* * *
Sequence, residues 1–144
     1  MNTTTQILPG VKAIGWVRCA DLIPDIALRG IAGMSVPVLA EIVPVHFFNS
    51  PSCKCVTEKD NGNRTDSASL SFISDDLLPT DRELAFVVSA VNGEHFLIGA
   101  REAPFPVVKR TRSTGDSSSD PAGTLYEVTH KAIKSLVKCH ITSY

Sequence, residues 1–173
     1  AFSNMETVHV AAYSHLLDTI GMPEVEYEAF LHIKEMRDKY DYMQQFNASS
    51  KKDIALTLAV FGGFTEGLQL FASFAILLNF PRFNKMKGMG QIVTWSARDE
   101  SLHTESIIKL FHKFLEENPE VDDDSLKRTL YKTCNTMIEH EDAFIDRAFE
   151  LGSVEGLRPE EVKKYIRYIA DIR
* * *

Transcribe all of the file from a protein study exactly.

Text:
Sequence, residues 1–144
     1  MNTTTQILPG VKAIGWVRCA DLIPDIALRG IAGMSVPVLA EIVPVHFFNS
    51  PSCKCVTEKD NGNRTDSASL SFISDDLLPT DRELAFVVSA VNGEHFLIGA
   101  REAPFPVVKR TRSTGDSSSD PAGTLYEVTH KAIKSLVKCH ITSY

Sequence, residues 1–173
     1  AFSNMETVHV AAYSHLLDTI GMPEVEYEAF LHIKEMRDKY DYMQQFNASS
    51  KKDIALTLAV FGGFTEGLQL FASFAILLNF PRFNKMKGMG QIVTWSARDE
   101  SLHTESIIKL FHKFLEENPE VDDDSLKRTL YKTCNTMIEH EDAFIDRAFE
   151  LGSVEGLRPE EVKKYIRYIA DIR